Scientific challenge

The EU Water Framework Directive (WFD) aims to deliver sustainable water management by achieving good ecological status. Introducing ecosystem services into EU water policy assumes a connection between good ecological status and the realisation of several benefits, such as water supply, fish production, tourism and recreation, in and around freshwaters.Brown trout caught at Loch Leven

Project overview

The objective of this case study is to investigate the relationships between the ecological status of Loch Leven and the delivery of a number of ecosystem services. In particular, it will examine whether the restoration or improvement of quality, driven by the WFD goal of achieving good ecological status, can lead to net socio-economic benefits.

More specifically, our main tasks will be to:

  1. Quantify the links between WFD ecological status and the provision of ecosystem services at the loch (angling, water supply, tourism/recreation and nature conservation).
  2. Consider the value of the services provided by the loch, and the impact of loch regulation for ES on water-dependent downstream industries.
  3. Explore impacts of future change scenarios (including climate) on ecological status and ecosystem service provision.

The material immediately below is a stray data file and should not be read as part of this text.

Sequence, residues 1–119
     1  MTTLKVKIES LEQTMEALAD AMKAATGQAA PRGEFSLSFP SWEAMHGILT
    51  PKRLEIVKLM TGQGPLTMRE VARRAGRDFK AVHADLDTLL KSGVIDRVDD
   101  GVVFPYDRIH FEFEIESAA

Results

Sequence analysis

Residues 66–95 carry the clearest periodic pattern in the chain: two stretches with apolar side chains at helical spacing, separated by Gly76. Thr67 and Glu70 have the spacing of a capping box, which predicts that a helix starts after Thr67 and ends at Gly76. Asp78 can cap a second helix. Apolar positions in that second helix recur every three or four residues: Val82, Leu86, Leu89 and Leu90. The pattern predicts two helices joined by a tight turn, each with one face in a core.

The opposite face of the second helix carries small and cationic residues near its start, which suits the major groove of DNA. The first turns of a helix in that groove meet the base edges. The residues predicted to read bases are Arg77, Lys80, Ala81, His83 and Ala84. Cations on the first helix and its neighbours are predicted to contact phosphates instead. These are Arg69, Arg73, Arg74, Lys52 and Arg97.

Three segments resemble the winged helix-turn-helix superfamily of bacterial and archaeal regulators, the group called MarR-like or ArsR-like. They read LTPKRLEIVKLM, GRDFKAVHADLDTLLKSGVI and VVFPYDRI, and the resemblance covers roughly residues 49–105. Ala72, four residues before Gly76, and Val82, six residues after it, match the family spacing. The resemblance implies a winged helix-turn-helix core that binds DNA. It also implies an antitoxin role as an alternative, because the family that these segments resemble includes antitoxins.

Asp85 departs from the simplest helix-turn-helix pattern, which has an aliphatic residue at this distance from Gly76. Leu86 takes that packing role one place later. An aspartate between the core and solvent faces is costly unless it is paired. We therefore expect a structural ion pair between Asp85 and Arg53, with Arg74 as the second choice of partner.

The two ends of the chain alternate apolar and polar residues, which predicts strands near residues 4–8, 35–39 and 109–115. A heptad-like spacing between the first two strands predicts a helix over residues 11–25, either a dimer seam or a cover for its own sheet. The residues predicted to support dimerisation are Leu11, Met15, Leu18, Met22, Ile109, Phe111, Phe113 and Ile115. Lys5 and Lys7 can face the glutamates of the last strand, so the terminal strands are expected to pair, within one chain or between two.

The study will demonstrate whether WFD river basin management, which is aimed at achieving good ecological status, can also result in positive synergistic effects in relation to the provision of ecosystem services. The case study will deliver practical recommendations to help protect ecological status and freshwater biodiversity, while maintaining ecosystem service provision at the catchment scale.

About OpenNESS

This project case study is part of the EU Framework 7 Project OpenNESS, funded by the European Commission, within the 7th Framework Programme under project code 308428. The case study lead is Dr Laurence Carvalho from the Freshwater Ecology Group, Centre for Ecology & Hydrology, UK. The group will work together with OpenNESS partners, particularly the Kinross Estates Company who own and manage the loch, and the European Commission’s Joint Research Centre. Other non-project stakeholders are involved as part of the Case Study Advisory Board.